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Notable News of the Week: April 26, 2013

Path to homeownership tougher for younger Canadians than was for Boomers – Financial Post

A new poll from TD Canada Trust suggests that young, first-time buyers in Canada are faced with more challenges than Baby Boomers did at the same age. With higher housing prices comes larger down payments and an increased monthly mortgage payment not seen by Boomers in past decades. While saving for a down payment is a growing concern for more than half of all Canadian Millennials, perhaps the two most unique concerns for Gen Y-ers are: 1) student debt and 2) the fear of not having the earning power needed to make the switch from renting to buying. Just under half of Gen Y-ers polled said they were worried about their earning power, compared to only 13 per cent of Boomers who were questioned about having the same concern when they were buying their first homes.

Even in a real estate slump, Canadians lured into bidding wars – Financial Post

In a recent survey done by Bank of Montreal (BMO), it’s been found that as many as 28 per cent of homebuyers are willing to enter bidding wars, in order to try and purchase their dream home. Perhaps even more shocking is the fact that 37 per cent of first-time buyers are willing to go over budget for the right property. And the biggest problem for hopeful buyers is the auction-style process that leaves the bidders blind to what other bidders are offering. For example, a home could be listed at $450,000 and one bidder could offer $475,000 without realizing that another bidder could be offering only $425,000. “[Buyers] can be very anxious. You know when you see a sale on in the mall at Christmas, everybody wants it and they come and say after ‘why did I buy this’,” said Laura Parsons, a mortgage expert at BMO.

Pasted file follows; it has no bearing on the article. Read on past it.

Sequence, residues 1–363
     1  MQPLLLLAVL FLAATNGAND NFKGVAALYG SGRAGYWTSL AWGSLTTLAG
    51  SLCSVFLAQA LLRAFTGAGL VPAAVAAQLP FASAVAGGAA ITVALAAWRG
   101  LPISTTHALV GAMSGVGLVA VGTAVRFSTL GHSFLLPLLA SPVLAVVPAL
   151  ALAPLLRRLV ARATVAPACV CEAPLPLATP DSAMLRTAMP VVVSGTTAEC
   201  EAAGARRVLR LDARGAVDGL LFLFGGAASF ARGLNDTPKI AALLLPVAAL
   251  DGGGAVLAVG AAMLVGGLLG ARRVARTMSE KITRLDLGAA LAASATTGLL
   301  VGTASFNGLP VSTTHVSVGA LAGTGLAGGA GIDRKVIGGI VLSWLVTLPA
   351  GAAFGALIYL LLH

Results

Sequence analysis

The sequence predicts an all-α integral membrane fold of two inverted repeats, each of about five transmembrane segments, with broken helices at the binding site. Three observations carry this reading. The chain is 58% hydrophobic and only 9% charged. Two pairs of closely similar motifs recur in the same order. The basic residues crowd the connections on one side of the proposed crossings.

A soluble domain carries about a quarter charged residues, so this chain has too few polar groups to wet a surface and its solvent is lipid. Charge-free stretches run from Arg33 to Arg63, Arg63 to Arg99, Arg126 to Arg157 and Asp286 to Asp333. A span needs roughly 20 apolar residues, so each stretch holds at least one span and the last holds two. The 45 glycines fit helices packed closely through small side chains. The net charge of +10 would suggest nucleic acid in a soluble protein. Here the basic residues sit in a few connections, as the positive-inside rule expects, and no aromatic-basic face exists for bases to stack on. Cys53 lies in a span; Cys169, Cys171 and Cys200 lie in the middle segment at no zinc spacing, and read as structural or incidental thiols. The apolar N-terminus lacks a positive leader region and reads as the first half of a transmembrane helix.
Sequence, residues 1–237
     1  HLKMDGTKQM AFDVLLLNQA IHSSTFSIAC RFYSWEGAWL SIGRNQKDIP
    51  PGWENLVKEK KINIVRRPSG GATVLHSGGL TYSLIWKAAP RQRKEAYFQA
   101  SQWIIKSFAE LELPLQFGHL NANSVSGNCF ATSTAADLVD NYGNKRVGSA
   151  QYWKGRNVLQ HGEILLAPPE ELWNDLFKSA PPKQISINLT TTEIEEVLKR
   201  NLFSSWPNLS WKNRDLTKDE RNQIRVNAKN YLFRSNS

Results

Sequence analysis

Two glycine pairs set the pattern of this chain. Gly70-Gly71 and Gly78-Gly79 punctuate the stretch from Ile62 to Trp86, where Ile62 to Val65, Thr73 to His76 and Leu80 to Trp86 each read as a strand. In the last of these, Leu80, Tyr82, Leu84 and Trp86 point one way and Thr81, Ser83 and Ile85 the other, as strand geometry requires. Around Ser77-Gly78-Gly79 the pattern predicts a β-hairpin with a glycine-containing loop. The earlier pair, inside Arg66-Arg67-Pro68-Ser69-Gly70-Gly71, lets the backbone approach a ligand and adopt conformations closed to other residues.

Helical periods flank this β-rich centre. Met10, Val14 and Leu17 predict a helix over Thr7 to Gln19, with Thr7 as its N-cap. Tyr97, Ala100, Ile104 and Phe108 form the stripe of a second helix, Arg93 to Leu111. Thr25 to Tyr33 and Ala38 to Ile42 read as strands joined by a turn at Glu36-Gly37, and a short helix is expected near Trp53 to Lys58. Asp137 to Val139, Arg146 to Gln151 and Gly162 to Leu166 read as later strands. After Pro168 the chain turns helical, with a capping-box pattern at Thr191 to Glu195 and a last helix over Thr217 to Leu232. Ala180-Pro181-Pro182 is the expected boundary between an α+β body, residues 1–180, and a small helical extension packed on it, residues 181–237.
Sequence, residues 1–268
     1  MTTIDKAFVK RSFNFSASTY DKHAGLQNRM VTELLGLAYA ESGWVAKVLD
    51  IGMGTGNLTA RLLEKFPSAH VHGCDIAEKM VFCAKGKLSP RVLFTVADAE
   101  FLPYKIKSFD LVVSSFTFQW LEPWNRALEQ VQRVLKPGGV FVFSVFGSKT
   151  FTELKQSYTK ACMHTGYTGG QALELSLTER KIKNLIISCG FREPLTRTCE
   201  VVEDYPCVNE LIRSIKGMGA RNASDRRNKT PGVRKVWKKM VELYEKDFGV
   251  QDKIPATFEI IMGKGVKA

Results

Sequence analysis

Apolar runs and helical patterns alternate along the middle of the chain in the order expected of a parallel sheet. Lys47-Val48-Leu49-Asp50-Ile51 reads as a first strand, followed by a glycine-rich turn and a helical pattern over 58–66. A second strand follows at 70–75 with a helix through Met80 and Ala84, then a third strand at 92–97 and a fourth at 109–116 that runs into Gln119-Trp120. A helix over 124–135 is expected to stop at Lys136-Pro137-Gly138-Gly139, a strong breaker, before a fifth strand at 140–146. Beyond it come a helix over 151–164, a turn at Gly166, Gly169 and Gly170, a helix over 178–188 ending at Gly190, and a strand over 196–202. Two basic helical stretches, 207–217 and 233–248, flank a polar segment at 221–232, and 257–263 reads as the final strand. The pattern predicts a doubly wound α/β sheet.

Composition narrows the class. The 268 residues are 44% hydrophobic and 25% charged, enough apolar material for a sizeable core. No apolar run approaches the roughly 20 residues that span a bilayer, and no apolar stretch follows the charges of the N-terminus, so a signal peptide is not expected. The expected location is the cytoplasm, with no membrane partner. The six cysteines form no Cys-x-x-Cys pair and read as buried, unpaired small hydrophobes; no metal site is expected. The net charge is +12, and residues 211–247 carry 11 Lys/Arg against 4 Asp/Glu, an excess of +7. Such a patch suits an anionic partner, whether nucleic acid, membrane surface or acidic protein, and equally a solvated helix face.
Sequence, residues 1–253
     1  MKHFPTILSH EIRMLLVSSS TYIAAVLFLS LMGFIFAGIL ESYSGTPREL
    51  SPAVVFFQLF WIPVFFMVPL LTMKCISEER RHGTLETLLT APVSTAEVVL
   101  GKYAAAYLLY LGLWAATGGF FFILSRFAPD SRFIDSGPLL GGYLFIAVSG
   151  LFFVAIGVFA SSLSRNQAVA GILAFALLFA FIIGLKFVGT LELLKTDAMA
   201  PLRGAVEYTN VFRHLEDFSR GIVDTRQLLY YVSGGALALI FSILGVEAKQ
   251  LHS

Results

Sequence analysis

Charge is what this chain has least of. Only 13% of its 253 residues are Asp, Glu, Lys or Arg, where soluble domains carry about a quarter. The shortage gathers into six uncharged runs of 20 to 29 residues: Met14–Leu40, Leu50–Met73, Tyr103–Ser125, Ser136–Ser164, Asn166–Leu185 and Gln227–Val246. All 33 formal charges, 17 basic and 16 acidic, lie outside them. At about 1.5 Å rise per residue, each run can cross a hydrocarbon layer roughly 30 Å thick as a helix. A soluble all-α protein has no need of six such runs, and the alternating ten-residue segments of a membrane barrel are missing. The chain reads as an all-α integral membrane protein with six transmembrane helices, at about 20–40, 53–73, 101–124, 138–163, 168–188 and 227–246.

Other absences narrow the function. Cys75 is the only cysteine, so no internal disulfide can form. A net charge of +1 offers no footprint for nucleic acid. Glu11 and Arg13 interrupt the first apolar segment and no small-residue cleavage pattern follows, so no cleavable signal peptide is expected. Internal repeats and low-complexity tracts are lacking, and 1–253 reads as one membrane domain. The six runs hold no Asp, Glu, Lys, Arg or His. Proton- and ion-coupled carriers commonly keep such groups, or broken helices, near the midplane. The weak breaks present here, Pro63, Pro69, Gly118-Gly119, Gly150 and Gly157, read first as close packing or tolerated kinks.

While winning bidders may be getting in over their heads, the multiple offer game is actually creating an inflationary environment that the real estate market may need. The latest stats from the Canadian Real Estate Association (CREA) showed average home prices are up 2.2 per cent from a year ago, however, March 2013 sales were down 15.3 per cent and yet active listings continue to climb in a number of cities.

Shopping for a mortgage? Arm yourself with research and negotiate – The Globe and Mail

With spring in the air, real estate is on everyone’s mind – as such, it’s also been a hot topic in the news. This week, a number of sources revealed that first-time buyers are shopping around for the best mortgage rates online and using mortgage calculators to determine how much they can truly afford. “In today’s environment, with so many things on the Internet, social media in general, there’s no reason why people shouldn’t be doing a lot more research,” said Jim Murphy, President and CEO of the Canadian Association of Accredited Mortgage Professionals (CAAMP). One thing many buyers don’t understand is that they have the ability to negotiate a better mortgage rate with their lender. While a good mortgage broker can take on the headache of doing this for their clients, buyers have all of the information they need to take on the banks themselves.


A look at current mortgage rates and 5-year mortgage rate history.

Current Rates April 25 2013

A history of weekly 5-year fixed mortgage rates and 5-year variable mortgage rates.

History of Rates April 25 2013

Canadian Mortgage Rates Since 2012

Canadian Mortgage Rates April 25 2013

The average discounted mortgage rates in Canada in 2013:

Discounted Rates April 25 2013